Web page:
The type of IT worker I would want as a manager would be the most difficult person of all workers to retain. They would be enthusiastic about the field, taking time outside of work to keep their skills current and learn new skills, always trying to find new ways that they can help out within the organization, and have an ongoing desire to keep their career moving forward. This person may or may not even be interested in management, but I would hope that they have some interest in helping make their team better.

    The problem is how do I keep that person around? If I am a smaller company, which is what most companies are, that person will top out technically at some point. Many of these smaller shops have very few management level IT staff, which means that it is very difficult (resource wise) to put together some sort of program to transition IT workers to IT leaders. In those rare cases where I’ve seen a technical worker given a management role that person typically ended up with 2 jobs (manager and technical worker), not 1 job.

    My frame of reference is a company I previously worked for who had 3000 employees. Good work environment, adequate IT budgets, and good team to build the IT operations/engineering around. I reached a point there where there was really nothing to do for a good 2 to 3 years and I knew that (Exchange 2010 migration aside) it was mostly an operational role until the data center needed upgrading again. Could I afford at 37 to stay somewhere where my career would effectively stagnate for such a long period of time (in “IT time”)? The IT field does not look kindly on those that have not kept themselves within reasonable distance of the bleeding edge of the field.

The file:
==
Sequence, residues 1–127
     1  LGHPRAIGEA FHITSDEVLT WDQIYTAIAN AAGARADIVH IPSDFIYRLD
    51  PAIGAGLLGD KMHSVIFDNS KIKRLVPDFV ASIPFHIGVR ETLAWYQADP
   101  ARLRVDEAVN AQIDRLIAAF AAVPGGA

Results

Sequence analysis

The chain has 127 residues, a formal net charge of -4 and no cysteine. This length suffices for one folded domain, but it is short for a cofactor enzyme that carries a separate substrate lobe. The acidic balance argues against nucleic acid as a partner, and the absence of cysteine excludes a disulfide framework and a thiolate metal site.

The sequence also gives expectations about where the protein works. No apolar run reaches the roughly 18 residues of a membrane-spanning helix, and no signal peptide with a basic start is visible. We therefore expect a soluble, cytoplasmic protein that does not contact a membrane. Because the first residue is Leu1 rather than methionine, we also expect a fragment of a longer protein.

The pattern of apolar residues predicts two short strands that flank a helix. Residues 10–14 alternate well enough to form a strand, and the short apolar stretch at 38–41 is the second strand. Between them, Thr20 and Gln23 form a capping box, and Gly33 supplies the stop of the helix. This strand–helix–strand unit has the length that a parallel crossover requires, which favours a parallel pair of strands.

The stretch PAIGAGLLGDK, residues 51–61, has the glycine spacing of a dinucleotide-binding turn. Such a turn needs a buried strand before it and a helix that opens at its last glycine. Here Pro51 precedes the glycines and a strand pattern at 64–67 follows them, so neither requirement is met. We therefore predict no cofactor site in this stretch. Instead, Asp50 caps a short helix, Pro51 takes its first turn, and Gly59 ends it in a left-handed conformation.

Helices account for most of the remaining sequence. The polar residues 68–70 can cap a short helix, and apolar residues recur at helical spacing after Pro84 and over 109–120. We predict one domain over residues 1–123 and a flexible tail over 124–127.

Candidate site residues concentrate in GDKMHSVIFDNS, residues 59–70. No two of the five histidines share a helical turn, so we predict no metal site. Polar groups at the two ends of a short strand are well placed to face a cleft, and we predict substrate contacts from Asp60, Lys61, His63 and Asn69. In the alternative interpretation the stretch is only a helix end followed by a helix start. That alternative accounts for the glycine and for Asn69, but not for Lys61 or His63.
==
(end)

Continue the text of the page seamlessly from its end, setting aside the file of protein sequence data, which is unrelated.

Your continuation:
Please understand that I make no generalizations; there are some companies out there that retain people even though they might be able to get cheaper labor elsewhere. I commend these companies for showing this loyalty to their staff. Unfortunately the budget (or pressure from higher up) sometimes forces changes and as IT workers we need to keep that in mind and assess whether or not it will affect us one day.

  2. Jesse says:

    A few years ago I was in a position where I was desperately trying to get promoted to management.

    Not sure why, I’ve been a hardcore hands-on techie for 15+ years. For me it probably would have been a disaster. I wouldn’t have been able to manage “people” but would have instead resorted to undermining my employees at every turn by doing the work for them.

    In the end, it turned out to be the right thing for me.

    HOWEVER, I quit that job over the perceived lack of advancement opportunity…went back to consulting full time. If given the opportunity to fail and retreat to hands-on work as the person in your example was, I might have stayed, been happier. (Even though in this case, the company folded two months later)

    Your article is well put. Managers need to do a better job of communicating with their employees. And by communicating I mean listening too.

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  4. ANS says:

    It’s great hearing your perspective on feeling responsible to your staff – too many managers only see this in the other direction and fail.
    I read the book,_Break_All_the_Rules
    some years ago and it helped me enormously – especially to justify upward why certain approaches are better.
    The best organizations are moulded around their people, not with people slotted into roles.